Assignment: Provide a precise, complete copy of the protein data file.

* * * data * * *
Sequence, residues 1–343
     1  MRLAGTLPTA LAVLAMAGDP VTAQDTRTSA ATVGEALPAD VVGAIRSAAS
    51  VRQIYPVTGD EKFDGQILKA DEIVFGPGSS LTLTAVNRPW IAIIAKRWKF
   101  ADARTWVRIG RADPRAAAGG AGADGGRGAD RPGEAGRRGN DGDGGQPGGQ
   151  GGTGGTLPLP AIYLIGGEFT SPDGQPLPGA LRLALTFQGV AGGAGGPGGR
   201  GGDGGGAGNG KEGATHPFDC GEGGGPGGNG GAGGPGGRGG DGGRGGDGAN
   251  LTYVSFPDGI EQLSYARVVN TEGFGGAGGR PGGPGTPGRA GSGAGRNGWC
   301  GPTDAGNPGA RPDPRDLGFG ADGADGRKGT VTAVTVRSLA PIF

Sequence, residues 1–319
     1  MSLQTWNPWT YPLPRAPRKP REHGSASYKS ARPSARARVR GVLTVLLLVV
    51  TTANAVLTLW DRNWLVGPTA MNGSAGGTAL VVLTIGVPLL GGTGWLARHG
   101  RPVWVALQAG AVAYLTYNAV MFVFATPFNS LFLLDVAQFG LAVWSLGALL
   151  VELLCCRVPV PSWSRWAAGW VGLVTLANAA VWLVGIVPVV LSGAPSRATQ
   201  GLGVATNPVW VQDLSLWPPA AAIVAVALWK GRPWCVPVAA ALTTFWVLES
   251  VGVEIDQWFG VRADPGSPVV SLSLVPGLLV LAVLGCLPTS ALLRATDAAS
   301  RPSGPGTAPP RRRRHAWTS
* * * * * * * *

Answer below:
Sequence, residues 1–343
     1  MRLAGTLPTA LAVLAMAGDP VTAQDTRTSA ATVGEALPAD VVGAIRSAAS
    51  VRQIYPVTGD EKFDGQILKA DEIVFGPGSS LTLTAVNRPW IAIIAKRWKF
   101  ADARTWVRIG RADPRAAAGG AGADGGRGAD RPGEAGRRGN DGDGGQPGGQ
   151  GGTGGTLPLP AIYLIGGEFT SPDGQPLPGA LRLALTFQGV AGGAGGPGGR
   201  GGDGGGAGNG KEGATHPFDC GEGGGPGGNG GAGGPGGRGG DGGRGGDGAN
   251  LTYVSFPDGI EQLSYARVVN TEGFGGAGGR PGGPGTPGRA GSGAGRNGWC
   301  GPTDAGNPGA RPDPRDLGFG ADGADGRKGT VTAVTVRSLA PIF

Sequence, residues 1–319
     1  MSLQTWNPWT YPLPRAPRKP REHGSASYKS ARPSARARVR GVLTVLLLVV
    51  TTANAVLTLW DRNWLVGPTA MNGSAGGTAL VVLTIGVPLL GGTGWLARHG
   101  RPVWVALQAG AVAYLTYNAV MFVFATPFNS LFLLDVAQFG LAVWSLGALL
   151  VELLCCRVPV PSWSRWAAGW VGLVTLANAA VWLVGIVPVV LSGAPSRATQ
   201  GLGVATNPVW VQDLSLWPPA AAIVAVALWK GRPWCVPVAA ALTTFWVLES
   251  VGVEIDQWFG VRADPGSPVV SLSLVPGLLV LAVLGCLPTS ALLRATDAAS
   301  RPSGPGTAPP RRRRHAWTS